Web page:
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Samuel Huntington

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Harvard scholar Samuel P. Huntington's Who Are We?, undoubtedly the most important criticism of mass immigration by a major academic figure in the last 50 years, has now been published, and if theonslaught against it has not been quite the gang rape some predicted, the establishment embrace of the book has not exactly been a... Read More
The hunt is on for Samuel P. Huntington, the distinguished Harvard political scientist whose new book Who Are We? lifts a skeptical eyebrow at mass immigration and the cultural devastation it inflicts. Mr. Huntington, author of the acclaimed Clash of Civilizations a few years back, has already raised ripples in the placid ponds of elite... Read More
Sam Francis
About Sam Francis

Dr. Samuel T. Francis (1947-2005) was a leading paleoconservative columnist and intellectual theorist, serving as an adviser to the presidential campaigns of Patrick Buchanan and as an editorial writer, columnist, and editor at The Washington Times. He received the Distinguished Writing Award for Editorial Writing of the American Society of Newspaper Editors (ASNE) in both 1989 and 1990, while being a finalist for the National Journalism Award (Walker Stone Prize) for Editorial Writing of the Scripps Howard Foundation those same years. His undergraduate education was at Johns Hopkins and he later earned his Ph.D. in modern history at the University of North Carolina at Chapel Hill.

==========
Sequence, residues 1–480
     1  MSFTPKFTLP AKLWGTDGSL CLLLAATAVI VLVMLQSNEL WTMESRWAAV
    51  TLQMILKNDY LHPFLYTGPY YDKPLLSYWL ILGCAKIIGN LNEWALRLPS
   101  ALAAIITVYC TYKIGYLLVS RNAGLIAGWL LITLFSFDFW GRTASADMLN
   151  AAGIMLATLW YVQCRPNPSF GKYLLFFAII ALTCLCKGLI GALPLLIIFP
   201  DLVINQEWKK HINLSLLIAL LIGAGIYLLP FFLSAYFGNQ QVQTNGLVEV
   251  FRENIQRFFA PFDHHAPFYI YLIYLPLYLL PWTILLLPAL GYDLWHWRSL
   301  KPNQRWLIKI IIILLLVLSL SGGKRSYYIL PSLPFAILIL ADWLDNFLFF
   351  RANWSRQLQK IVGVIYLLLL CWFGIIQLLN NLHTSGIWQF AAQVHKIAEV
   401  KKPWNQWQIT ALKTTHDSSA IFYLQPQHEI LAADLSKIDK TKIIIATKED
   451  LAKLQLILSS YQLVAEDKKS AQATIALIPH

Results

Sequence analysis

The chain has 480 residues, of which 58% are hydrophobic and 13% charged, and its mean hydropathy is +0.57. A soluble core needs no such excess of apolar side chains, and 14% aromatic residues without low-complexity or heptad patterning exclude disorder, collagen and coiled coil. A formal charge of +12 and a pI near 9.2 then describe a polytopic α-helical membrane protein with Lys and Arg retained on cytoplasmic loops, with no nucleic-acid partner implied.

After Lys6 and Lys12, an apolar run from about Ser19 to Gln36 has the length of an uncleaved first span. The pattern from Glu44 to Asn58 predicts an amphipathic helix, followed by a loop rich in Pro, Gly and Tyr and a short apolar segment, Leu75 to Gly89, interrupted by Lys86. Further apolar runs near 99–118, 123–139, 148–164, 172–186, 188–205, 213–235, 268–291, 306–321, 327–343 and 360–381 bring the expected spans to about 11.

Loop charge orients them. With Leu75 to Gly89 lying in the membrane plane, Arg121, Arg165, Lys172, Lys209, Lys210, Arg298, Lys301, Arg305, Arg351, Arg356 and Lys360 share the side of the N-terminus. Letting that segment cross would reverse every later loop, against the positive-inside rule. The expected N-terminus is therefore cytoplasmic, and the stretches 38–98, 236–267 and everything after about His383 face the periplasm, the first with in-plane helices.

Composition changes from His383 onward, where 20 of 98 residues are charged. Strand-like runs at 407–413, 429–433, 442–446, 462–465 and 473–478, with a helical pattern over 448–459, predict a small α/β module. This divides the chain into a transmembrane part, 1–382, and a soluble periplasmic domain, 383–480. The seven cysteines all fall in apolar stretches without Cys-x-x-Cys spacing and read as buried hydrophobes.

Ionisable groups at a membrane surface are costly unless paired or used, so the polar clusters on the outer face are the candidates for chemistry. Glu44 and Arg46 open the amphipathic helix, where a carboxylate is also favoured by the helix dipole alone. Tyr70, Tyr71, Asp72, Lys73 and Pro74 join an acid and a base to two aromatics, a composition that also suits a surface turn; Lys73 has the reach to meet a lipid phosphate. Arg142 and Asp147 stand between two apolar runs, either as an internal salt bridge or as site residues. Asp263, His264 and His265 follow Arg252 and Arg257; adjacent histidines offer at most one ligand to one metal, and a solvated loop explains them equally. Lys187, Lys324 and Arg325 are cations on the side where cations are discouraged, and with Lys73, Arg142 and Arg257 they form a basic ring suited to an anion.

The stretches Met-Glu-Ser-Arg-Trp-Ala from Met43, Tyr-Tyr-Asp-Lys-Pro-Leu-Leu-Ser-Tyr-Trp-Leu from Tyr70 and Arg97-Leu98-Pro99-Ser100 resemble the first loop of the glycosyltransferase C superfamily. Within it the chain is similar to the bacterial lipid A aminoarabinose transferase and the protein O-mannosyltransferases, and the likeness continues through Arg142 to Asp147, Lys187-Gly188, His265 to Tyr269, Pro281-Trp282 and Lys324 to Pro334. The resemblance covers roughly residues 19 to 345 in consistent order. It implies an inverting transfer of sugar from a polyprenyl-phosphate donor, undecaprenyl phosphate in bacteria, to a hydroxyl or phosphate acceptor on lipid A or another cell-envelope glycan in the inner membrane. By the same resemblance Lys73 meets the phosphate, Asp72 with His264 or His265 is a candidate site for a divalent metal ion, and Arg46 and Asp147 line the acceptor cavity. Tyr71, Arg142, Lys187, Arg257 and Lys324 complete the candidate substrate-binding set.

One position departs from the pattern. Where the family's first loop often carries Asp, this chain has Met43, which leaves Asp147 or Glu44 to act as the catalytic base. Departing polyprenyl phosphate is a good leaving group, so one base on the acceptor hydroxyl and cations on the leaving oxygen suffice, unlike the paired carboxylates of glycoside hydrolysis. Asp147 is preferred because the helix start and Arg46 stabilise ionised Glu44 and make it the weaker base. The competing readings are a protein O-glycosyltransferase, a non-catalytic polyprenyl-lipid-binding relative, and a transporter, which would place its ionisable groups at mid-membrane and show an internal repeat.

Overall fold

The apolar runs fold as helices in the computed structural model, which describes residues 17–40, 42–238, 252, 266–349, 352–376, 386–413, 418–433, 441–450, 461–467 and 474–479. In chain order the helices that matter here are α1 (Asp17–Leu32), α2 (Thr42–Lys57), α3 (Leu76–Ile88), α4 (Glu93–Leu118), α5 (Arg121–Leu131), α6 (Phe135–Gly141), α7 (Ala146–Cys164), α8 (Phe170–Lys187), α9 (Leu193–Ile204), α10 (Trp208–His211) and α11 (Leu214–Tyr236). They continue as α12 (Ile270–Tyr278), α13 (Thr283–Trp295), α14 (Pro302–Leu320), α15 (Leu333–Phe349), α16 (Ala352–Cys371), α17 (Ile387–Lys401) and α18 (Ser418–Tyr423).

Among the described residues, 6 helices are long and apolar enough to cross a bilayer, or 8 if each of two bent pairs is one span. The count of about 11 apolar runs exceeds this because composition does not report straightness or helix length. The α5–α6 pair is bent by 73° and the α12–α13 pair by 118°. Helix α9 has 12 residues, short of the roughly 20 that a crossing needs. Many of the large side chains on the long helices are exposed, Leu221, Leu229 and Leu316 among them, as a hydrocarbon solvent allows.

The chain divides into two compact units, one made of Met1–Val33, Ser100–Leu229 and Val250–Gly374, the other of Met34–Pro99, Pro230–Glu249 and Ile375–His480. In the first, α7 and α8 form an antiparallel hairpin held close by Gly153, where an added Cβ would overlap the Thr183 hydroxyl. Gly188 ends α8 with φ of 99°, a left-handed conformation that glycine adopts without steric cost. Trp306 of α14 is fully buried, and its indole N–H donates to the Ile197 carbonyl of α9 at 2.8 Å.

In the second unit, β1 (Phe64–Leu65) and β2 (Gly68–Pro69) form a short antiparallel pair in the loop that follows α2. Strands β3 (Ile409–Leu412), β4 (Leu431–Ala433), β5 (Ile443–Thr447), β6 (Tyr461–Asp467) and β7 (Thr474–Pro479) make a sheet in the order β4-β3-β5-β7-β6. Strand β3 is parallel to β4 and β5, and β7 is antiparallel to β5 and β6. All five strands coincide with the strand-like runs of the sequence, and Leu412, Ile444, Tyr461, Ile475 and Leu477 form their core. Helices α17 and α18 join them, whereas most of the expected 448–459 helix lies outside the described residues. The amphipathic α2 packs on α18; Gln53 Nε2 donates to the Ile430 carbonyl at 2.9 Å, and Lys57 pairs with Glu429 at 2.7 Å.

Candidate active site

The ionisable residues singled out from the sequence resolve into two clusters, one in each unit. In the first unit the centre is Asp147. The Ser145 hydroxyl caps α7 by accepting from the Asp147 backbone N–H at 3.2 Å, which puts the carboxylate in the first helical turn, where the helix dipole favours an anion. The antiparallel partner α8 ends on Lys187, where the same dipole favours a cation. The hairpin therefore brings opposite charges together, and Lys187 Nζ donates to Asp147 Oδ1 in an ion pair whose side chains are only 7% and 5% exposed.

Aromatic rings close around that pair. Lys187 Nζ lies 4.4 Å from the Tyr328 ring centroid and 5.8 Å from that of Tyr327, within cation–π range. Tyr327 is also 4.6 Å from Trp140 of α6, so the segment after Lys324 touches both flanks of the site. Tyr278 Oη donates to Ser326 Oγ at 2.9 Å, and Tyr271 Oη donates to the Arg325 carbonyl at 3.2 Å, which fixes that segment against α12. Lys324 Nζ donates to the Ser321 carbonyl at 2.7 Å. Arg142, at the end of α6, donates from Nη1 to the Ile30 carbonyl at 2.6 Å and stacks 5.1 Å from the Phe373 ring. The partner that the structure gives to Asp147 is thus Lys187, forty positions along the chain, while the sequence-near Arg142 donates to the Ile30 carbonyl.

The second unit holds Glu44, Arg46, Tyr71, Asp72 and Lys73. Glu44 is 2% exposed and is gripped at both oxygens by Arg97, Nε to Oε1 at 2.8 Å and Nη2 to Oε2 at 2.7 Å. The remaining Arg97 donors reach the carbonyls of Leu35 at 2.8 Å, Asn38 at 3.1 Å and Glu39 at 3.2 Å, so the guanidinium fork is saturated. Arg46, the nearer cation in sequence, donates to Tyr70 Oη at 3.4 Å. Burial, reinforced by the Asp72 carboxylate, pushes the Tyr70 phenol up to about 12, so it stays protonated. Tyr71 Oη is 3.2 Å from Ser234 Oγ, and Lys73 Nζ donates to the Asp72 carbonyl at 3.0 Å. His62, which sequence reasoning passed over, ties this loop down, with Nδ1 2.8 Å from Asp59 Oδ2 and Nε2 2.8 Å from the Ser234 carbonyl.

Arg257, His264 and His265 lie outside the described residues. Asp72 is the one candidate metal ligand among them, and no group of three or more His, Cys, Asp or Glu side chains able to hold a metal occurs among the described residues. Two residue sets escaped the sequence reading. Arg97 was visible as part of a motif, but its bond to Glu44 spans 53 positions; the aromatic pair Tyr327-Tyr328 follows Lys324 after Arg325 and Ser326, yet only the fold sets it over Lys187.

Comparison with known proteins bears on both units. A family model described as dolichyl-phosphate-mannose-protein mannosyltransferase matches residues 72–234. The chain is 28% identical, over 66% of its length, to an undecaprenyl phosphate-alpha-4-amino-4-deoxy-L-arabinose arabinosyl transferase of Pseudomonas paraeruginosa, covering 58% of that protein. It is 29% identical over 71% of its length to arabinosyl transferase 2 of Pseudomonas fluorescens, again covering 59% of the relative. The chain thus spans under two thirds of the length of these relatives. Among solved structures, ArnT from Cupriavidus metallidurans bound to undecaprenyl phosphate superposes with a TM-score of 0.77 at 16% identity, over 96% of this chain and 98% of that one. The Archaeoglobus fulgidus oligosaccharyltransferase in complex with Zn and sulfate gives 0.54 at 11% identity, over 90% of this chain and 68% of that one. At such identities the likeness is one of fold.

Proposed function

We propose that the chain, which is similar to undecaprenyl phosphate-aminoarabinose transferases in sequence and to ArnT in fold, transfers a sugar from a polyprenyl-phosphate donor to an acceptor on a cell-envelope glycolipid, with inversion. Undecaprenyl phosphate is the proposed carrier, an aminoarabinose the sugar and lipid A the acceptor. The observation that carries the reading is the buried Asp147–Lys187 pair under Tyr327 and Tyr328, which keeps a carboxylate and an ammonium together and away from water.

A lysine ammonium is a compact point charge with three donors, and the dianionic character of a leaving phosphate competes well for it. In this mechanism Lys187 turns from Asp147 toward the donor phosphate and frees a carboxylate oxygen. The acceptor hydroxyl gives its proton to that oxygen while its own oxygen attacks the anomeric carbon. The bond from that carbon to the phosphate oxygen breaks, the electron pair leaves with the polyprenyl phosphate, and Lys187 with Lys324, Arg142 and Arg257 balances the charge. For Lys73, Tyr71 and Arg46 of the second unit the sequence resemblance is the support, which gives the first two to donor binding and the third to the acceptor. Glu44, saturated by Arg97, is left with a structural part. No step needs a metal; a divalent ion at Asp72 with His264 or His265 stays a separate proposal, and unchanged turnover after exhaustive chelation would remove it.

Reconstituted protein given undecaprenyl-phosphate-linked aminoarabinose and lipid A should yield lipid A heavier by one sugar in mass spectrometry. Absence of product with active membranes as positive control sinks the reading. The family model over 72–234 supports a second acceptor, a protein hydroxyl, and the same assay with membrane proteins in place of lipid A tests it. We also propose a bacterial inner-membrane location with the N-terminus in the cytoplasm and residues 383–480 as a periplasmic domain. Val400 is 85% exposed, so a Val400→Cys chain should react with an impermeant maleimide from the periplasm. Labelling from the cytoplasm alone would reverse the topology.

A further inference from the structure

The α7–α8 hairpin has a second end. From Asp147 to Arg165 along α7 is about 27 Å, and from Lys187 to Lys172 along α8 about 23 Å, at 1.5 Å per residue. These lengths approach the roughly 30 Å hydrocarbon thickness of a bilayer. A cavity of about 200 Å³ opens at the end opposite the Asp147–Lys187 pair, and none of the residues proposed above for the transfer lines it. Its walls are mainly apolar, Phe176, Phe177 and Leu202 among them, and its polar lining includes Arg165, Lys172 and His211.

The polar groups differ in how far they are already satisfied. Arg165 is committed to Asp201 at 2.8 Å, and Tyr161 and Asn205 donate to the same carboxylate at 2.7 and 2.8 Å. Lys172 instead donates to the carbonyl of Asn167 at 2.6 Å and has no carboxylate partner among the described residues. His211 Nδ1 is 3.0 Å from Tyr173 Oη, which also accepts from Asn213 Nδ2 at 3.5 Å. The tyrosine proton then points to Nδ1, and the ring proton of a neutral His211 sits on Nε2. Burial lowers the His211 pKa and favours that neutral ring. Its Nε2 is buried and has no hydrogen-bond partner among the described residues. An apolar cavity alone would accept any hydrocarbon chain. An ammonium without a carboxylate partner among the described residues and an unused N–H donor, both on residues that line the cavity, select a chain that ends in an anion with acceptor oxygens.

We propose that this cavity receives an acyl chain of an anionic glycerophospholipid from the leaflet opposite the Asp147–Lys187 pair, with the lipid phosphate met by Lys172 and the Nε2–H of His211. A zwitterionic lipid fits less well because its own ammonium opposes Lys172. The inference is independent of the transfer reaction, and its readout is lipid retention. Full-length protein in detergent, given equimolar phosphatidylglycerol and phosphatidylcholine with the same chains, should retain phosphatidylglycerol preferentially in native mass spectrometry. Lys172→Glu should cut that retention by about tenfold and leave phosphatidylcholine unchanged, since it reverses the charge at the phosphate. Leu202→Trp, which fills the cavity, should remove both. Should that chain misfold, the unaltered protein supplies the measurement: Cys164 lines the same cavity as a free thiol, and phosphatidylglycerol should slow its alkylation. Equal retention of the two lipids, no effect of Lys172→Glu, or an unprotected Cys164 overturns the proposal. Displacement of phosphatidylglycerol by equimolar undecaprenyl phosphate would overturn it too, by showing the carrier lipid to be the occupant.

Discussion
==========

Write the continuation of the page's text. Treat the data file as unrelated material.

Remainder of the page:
His books include The Soviet Strategy of Terror(1981, rev.1985), Power and History: The Political Thought of James Burnham (1984); Beautiful Losers: Essays on the Failure of American Conservatism (1993); Revolution from the Middle: Essays and Articles from Chronicles, 1989–1996 (1997); and Thinkers of Our Time: James Burnham (1999). His published articles or reviews appeared in The New York Times, USA Today, National Review, The Spectator (London), The New American, The Occidental Quarterly, and Chronicles: A Magazine of American Culture, of which he was political editor and for which he wrote a monthly column, “Principalities and Powers.”